watch where you are stepping
Beirut and Lebanon have been the battleground for a brutal civil war in the not too distant past. You can still see the bullet pockmarks in many walls and buildings, and many buildings still need to be repaired due to structural problems.
Therefore, under no circumstances should you trespass or otherwise go where you are not safe due to unexploded landmines amoung the rubble and unsafe buildings or stairways that may collapse.
I know because I love to take unusual photographs and a few feet this side of a wall or in that direction often make the most interesting collages. However, in Beirut this is not recommended.
Just use your common sense.
- Historical Travel
Don't assume you can easily tell if someone is Muslim, Christian or Druze. They all speak Arabic, and dress is not always an indication of group affiliation.
Do note that travelers have been denied entry into Lebanon because their passports bear an Israeli visa, an Israeli border stamp or an Egyptian or Jordanian border stamp issued by an office bordering Israel.
Don't assume it's safe to swim in the sea. Waste is often dumped inland and finds its way to the sea via rivers. Much of this pollution is not necessarily visible.
Don't be confused, or surprised, by the different spelling of words on maps and signs. Transliteration of Arabic characters into Roman letters yields many variations.
Do be prepared in business meetings to engage in small talk before getting down to business. It's considered rude to get right to the point. Also, don't talk about business during dinner.
Do accept food or drink (especially tea) when offered, even if you don't consume it. It would be very impolite to refuse.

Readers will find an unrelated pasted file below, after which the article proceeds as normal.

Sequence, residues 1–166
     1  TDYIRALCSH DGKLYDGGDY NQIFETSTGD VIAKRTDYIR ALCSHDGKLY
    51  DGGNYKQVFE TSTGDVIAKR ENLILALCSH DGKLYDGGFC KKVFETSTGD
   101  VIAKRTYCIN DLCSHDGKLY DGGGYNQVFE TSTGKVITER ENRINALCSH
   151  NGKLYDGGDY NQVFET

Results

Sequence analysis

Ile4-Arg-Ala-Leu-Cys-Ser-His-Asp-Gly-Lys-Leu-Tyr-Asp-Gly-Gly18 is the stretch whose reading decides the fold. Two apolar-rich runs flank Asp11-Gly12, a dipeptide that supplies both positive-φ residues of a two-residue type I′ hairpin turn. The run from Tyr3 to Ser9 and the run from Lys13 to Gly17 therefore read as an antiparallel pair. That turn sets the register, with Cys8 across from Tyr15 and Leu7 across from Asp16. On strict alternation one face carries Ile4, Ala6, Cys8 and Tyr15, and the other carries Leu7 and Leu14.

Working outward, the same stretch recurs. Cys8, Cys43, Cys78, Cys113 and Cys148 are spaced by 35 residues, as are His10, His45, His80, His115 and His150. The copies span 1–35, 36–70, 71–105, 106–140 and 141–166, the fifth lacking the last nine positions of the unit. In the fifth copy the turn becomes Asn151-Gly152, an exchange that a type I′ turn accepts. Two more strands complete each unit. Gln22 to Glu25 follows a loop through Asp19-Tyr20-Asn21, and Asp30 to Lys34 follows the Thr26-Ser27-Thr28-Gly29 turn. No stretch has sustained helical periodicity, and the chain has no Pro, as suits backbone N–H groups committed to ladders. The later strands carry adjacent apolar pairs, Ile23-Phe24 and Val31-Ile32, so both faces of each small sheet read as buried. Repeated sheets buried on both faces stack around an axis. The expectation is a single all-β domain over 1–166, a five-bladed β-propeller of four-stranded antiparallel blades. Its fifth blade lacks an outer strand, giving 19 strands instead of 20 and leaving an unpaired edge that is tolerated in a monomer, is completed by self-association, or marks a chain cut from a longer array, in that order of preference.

Do listen to rababah (a stringed instrument) music if you get the chance.
Don't be surprised if you get stuck with an added tax and service charge of as much as 20% for hotel and restaurant bills.
Do expect wild taxi drivers. On our last trip, we took a memorable journey at top speed into oncoming traffic on the wrong side of a freeway.
Expect to see public displays of affection.
Greeting a Lebanese usually is done with two kisses on the cheek of a male or female.
during the war,unsecurity was important in the areas of shiah or burj-al-barajnieh,the southern part of the city,on the way to south lebanon;in these areas were the shiite militias and the palestinian camps,full of hezbollah leaders
Although Beirut was notorious...
Although Beirut was notorious for sometime for being a dangerous place; there is nothing to fear these days and I consider it one of the safest places. May be because it's my home town that I feel safe but I think those who have been there can provide their unbiase opinion too :-)
Not sure if it is still like...
Not sure if it is still like this, when I was there I had to walk down the plane and board an open-air truck to the airport. Immagine doing that during one of the coolest winters and all my clothing were inside my luggage....
Lebanese People are so friendly that you might get shocked.
So if you get a shock, Dont forget to call the emergency at: 112
Emergency Number: 112
it is dangerous to say you...
it is dangerous to say you live in israel,or to wear shorts in the shiite part of the city,or to talk to women in this same part
the picture is the famous pigeons grotto